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Ross Murray's Border Report
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Ross Murray
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is a freelance writer living in Stanstead, Quebec. You can reach him at rossgrantmurray@gmail.com
Posted 2.21.19
Stanstead, Quebec

ROSS MURRAY

All shook up about childhood movie trauma

Who in their right mind thought it was a good idea to take me to see Earthquake when I was 9 years old? And when did I start sounding like a grandmother who uses phrases like "who in their right mind"?

This must have been somewhere around the end of 1974 or early 1975. It's hard to tell sometimes because my hometown had only one movie theatre, and first-run movies showed up only after they'd become second-run movies. I believe they're just now showing Forrest Gump.

I remember this period well, however, because it seems to be when I first started seeing evening movies, as opposed to old Jerry Lewis reruns during Saturday matinees. (We had those.) I also watched Airport 1975 around the same time and The Return of the Pink Panther, the most sophisticated comedy I had ever seen -- which kind of explains everything.

But it was Earthquake that truly left a lasting impression, and not in a good way, mostly having to do with one scene -- a plummeting elevator. That's terrifying in itself, but when the scene reached (or, in this case, hit) its inevitable climax, the screen FILLED WITH BLOOD! AHHHHH!

I've thought of that scene over and over for more than 40 years, usually while in elevators, naturally. I was 9 years old! Who in my family thought it would be a good idea to take a child to see a film about death and destruction? It's not like the mayhem was a surprise; it was called Earthquake, not Bunnies Get Shook.

Around the same time, I remember seeing a trailer on television (I assume) for a kitschy horror-comedy called Arnold. I probably saw this ad just the one time, but I distinctly remember a scene of a couple making out in a shower stall, and then the shower walls close in on them! You don't see anything but there's screaming! My takeaways: a) I clearly had a fear of being smooshed; and b) you could show pretty much anything on TV in 1973.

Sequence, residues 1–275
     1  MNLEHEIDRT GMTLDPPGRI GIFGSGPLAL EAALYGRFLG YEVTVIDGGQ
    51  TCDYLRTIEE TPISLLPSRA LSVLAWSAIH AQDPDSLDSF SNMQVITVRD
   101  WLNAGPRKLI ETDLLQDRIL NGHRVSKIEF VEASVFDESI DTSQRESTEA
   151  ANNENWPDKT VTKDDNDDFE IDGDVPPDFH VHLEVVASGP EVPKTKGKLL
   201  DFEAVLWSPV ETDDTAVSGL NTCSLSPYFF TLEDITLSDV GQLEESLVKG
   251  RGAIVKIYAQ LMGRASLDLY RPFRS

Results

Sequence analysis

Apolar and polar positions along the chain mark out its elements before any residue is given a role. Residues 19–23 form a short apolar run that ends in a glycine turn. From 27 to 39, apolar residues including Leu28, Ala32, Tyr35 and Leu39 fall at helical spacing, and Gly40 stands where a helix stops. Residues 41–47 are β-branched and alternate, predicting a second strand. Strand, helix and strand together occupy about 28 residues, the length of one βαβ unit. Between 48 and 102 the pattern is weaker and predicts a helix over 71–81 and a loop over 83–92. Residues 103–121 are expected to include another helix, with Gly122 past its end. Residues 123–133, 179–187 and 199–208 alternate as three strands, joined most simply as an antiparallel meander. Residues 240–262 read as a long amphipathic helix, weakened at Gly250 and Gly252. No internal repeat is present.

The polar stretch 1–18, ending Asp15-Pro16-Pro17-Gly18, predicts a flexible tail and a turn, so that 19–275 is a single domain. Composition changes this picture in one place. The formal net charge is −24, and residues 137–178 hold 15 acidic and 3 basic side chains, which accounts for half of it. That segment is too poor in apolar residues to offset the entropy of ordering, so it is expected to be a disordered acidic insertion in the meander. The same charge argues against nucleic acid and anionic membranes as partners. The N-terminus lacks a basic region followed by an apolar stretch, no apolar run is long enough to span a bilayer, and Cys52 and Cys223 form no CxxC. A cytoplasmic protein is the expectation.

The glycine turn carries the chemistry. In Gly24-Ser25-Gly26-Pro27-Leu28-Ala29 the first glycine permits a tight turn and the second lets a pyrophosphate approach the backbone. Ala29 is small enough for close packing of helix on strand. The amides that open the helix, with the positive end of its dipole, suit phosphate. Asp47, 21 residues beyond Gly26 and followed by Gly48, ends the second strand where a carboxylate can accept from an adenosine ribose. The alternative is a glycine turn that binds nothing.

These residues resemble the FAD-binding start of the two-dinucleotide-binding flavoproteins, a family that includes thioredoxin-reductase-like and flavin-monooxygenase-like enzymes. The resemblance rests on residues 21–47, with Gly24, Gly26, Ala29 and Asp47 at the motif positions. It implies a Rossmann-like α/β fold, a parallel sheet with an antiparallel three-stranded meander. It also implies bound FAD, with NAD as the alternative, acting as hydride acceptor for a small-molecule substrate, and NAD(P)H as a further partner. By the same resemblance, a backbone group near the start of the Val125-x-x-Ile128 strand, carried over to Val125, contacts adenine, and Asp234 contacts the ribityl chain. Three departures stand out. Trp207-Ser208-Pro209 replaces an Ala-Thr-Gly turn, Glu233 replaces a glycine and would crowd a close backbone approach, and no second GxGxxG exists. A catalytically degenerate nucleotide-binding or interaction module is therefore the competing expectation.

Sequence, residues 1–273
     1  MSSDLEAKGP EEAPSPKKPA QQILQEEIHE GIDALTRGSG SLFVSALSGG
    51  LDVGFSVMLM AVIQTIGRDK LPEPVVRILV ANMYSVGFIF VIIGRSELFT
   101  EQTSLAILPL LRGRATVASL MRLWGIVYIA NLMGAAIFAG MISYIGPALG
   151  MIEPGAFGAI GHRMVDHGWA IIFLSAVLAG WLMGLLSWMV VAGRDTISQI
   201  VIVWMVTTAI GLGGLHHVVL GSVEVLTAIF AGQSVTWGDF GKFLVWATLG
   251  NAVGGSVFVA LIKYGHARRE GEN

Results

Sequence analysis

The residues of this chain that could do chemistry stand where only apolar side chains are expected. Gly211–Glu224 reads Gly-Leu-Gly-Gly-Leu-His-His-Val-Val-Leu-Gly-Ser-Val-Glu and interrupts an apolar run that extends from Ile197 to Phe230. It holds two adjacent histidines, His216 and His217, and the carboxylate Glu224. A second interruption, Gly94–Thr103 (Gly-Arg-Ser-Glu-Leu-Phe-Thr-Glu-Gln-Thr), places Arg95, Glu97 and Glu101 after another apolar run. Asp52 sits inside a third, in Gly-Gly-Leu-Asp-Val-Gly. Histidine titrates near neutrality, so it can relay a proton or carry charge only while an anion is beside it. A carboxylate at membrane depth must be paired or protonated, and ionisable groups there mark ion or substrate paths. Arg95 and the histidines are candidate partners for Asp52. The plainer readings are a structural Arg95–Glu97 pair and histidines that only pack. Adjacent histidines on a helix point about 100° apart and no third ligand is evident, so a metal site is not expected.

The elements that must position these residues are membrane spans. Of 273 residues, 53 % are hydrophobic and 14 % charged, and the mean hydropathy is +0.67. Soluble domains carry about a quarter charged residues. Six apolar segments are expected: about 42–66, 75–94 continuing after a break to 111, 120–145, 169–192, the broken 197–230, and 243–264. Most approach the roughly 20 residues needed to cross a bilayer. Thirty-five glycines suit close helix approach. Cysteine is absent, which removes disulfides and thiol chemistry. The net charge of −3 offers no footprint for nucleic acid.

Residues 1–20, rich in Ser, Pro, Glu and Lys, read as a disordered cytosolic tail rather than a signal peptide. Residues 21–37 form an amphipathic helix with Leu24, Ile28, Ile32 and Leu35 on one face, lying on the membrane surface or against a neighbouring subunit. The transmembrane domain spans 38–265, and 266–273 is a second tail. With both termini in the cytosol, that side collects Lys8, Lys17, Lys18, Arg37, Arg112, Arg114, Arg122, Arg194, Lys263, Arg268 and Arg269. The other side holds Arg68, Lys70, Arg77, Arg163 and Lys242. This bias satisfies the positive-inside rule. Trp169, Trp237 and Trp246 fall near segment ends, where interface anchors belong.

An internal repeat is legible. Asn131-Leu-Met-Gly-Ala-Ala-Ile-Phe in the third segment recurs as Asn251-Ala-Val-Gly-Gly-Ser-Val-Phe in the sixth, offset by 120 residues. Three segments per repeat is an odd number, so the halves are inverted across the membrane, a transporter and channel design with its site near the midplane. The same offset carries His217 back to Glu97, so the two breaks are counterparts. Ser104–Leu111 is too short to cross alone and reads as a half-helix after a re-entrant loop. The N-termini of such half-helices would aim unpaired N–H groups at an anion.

I recently read a Twitter feed in which people were laughing at the film Jaws. "This was scary?" they scoffed. It sure was! People lost their minds over this film. And their lunches. (For the record, I was not allowed to see Jaws; I'm a bit upset about this, but also it was probably for the best because of all the smooshing.)

I wondered, though, whether young people still have the ability to be shocked and, more to the point, traumatized by film.

So I turned to some young people; I texted my kids.

"Are there shows/movies you watched as a child that either traumatized you or you think now ‘I was far too young to watch this'?"

"No," Abby the youngest immediately typed back. Oh yes there are, I thought, thinking of her somewhat obsessive Austin Powers period -- which kind of explains everything.

"Watching Jurassic Park in kindergarten with the class!" Emily the eldest replied. Yup. That would do it. I reminded her about taking her to see The Lion King when she was 3 and sitting in the near-empty theatre as she blubbered after the stampede scene, "Is he going to wake up? Why won't he wake up...!" But that scene traumatized everyone.

Son James wrote back, "A Fish Called Wanda." Yeah. My bad.

Then Katie chimed in: "ET, My Favorite Martian, The Dark Crystal, The Hobbit (cartoon one)." It explains why Katie used to refer to people as "humans." Later, she revealed to us that she was convinced as a child that we were all aliens. At night, she would whisper to her sister, "Emily, if you were an alien, you'd tell me, right?"

We can laugh at these things now, and thanks to YouTube, I can revisit those scenes that scarred my childhood. The elevator crash special effect is cartoonishly absurd, and the Arnold trailer is pure cheese. But recognizing that doesn't take away their impact. (Ha! Elevator! Impact!) You never know what will dig its way into a child's psyche. Also: I was clearly a bit of a wuss.

Still, I wanted to get to the bottom of who took me to see Earthquake. I assumed it was my Dad. So I asked him. He couldn't even recall the film. Besides, he had his own tremor trauma to deal with:

"I remember my mother taking me to see San Francisco and during the earthquake scenes hiding behind the seats."

My Dad was 6 years old at the time. Way to go, Nana!

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